Indonesia may be far off but Lesotho is very close. Perhaps our politicians should pay a visit to Lesotho, especially the capital Maseru so that they can see what people can do when they get angry.

The Maseru of June 1998, is no more. The town was razed to the ground.

Right now the people are rebuilding the entire town. Of course, construction companies are making money, but the people have to pay for it.

Competition among traders has been reduced because most of the shops were destroyed. Some of the businesses are not reopening and some chancers may be taking advantage.

This is something Zimbabwe should try to avoid at all costs. Zimbabwe has the second largest economy in the Southern African Development Community. Its business sector is well developed.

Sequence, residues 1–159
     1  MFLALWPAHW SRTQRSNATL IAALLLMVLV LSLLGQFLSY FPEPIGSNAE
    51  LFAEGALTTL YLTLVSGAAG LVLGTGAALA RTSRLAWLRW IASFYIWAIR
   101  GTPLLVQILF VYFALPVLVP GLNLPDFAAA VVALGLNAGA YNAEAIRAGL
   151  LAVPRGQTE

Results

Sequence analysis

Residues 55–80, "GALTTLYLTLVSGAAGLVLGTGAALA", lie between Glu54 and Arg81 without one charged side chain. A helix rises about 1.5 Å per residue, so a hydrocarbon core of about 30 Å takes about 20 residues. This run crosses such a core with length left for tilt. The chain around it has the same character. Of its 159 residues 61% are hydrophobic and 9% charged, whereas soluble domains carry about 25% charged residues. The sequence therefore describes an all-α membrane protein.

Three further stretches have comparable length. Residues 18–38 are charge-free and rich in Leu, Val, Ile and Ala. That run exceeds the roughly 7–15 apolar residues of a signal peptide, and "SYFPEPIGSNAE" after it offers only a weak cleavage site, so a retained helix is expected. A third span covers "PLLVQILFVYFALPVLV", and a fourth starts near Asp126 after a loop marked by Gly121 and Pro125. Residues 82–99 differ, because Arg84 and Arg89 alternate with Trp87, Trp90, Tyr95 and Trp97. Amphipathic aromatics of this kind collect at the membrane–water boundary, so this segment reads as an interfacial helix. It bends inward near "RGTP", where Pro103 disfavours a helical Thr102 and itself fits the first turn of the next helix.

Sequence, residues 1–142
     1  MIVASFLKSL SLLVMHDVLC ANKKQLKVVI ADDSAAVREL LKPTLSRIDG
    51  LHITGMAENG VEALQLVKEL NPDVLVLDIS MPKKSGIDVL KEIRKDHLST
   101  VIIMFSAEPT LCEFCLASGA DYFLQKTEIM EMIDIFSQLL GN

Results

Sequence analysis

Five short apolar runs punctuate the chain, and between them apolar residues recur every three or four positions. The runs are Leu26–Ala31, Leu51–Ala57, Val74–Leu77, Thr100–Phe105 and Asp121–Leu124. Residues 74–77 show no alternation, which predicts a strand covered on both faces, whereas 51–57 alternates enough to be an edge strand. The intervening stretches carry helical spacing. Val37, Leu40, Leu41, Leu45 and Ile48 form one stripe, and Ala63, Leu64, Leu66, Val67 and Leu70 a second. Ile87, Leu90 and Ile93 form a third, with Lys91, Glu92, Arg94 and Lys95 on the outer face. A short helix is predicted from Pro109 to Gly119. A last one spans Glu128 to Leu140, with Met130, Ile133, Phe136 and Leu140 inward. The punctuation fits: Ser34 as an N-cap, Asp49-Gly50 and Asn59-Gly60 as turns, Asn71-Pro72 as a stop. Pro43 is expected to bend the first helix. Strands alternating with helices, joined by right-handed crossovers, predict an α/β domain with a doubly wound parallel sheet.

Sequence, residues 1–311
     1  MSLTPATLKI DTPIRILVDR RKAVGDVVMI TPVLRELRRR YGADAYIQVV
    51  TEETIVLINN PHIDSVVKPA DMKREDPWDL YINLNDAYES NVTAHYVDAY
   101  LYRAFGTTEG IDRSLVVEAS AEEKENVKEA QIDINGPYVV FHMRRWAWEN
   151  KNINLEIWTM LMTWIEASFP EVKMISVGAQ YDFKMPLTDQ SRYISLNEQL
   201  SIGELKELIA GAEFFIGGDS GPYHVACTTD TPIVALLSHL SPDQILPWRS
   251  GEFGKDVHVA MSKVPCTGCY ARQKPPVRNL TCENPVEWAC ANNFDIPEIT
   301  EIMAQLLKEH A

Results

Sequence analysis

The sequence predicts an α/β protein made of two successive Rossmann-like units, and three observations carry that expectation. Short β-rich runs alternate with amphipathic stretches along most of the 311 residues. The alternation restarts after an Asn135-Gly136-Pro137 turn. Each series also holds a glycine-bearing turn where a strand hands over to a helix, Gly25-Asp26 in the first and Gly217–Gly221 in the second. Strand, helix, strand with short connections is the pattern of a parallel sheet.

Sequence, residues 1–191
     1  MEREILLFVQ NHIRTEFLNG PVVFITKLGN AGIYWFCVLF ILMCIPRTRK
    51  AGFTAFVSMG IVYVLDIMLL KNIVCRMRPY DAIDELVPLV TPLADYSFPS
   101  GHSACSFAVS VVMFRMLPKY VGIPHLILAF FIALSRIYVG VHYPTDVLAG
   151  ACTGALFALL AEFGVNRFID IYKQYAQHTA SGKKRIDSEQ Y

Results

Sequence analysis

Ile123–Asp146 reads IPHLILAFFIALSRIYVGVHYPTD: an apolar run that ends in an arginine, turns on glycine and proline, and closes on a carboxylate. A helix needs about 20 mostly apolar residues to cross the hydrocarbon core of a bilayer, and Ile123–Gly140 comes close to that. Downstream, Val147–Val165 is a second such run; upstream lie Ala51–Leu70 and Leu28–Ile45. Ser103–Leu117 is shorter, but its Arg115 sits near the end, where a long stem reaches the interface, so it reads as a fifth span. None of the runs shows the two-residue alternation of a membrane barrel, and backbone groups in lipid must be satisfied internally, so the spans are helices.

If what has been happening in Zimbabwe since November 1997 had happened to one of the other SADC countries, except for South Africa, the country would have been on its knees long back. This is something every Zimbabwean should cherish. And to enjoy one's freedom, one must be able to express oneself without fear.

The people of Zimbabwe must learn to tolerate other people's views especially if they do not agree with those views. That is one of the basic tenets of life, to agree to disagree.

The ruling party, however, does not seem to want to tolerate dissent. Worse still, it rushes to call anyone who disagrees with them, a sell-out. Those born prior to independence know what it means to be called a sell-out.

Of course, it may be losing its meaning as there is now a new generation of Zimbabweans who did not witness the liberation struggle, and therefore may not understand what it means to be called a "sell-out".

One can only hope that as the campaign for election 2000 begins, political parties will not resort to dirty politics. For one, the ruling party, having been in power for 20 years should take the lead in desisting from violence.